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Insights Into Fire-based Soil Temperature and Moisture Changes From a Long-term Data Set in Alaska
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  • Kristen Manies,
  • Jennifer Harden,
  • William Cable,
  • Jamie Hollingsworth
Kristen Manies
U.S. Geological Survey

Corresponding Author:kmanies@usgs.gov

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Jennifer Harden
U.S. Geological Survey
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William Cable
Alfred-Wegener-Institut fur Polar und Meeresforschung Forschungsstelle Potsdam
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Jamie Hollingsworth
University of Alaska Fairbanks,University of Alaska Fairbanks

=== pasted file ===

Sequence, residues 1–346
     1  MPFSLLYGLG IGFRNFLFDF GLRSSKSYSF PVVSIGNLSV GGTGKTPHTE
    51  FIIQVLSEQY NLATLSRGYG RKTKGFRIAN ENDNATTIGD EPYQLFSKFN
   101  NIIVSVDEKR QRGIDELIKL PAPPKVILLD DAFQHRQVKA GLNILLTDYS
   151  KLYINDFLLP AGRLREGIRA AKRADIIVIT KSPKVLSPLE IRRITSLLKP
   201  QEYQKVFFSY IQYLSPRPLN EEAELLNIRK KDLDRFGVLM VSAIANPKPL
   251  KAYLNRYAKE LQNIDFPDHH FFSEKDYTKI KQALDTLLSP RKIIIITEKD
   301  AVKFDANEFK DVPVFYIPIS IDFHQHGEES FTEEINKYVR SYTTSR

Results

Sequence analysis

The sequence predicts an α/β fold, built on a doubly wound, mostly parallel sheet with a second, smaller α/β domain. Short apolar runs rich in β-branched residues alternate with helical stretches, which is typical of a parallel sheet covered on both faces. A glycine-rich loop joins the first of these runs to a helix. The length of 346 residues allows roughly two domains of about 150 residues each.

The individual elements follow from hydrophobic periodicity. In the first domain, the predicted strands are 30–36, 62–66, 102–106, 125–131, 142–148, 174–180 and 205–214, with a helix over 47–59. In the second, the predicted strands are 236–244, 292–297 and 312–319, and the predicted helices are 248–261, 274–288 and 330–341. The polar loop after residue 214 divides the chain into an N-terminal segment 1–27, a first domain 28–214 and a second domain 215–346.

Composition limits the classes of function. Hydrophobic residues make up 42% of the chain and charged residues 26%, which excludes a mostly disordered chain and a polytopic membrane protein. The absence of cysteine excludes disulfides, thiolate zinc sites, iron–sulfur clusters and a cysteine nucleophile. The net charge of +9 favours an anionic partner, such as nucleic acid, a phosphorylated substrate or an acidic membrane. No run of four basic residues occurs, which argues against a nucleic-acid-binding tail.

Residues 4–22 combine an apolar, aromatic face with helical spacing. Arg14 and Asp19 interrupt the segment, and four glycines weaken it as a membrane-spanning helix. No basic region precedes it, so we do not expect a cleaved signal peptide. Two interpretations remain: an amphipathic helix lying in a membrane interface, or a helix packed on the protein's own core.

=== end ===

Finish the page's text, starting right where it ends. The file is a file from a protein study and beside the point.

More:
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Wildfires are one of the main sources of disturbance in boreal forests. Post-fire changes to soil temperature and moisture regimes can have wide-ranging impacts on boreal forests including the depth at which permafrost is found, vegetation recovery, and carbon and nitrogen cycling. Surface soil temperatures increase following fire, due to loss of shading from tree canopies and a thinner surface organic layer. Post-fire soil temperature and moisture regimes also change due to reduced transpiration and changes in surface albedo. The duration of these changes depends on factors such as region, fire intensity, and soil texture. Here we present results from a long-term (1999 to present) dataset of soil conditions for four black spruce boreal forest sites located in Interior Alaska across burn and permafrost gradients: 1) burned, no permafrost, 2) unburned, no permafrost, 3) burned, with permafrost, and 4) unburned, with permafrost. The data from these sites demonstrate how both burning and the presence of permafrost influence soil temperature and moisture, as well as the timing of seasonal changes, for over twenty years. In addition, we discuss the challenges of maintaining and collecting data from field instruments deployed for decades in harsh conditions. All data discussed in this presentation will be available on the Bonanza Creek Long-term Ecological Research (LTER) website and is available for future studies.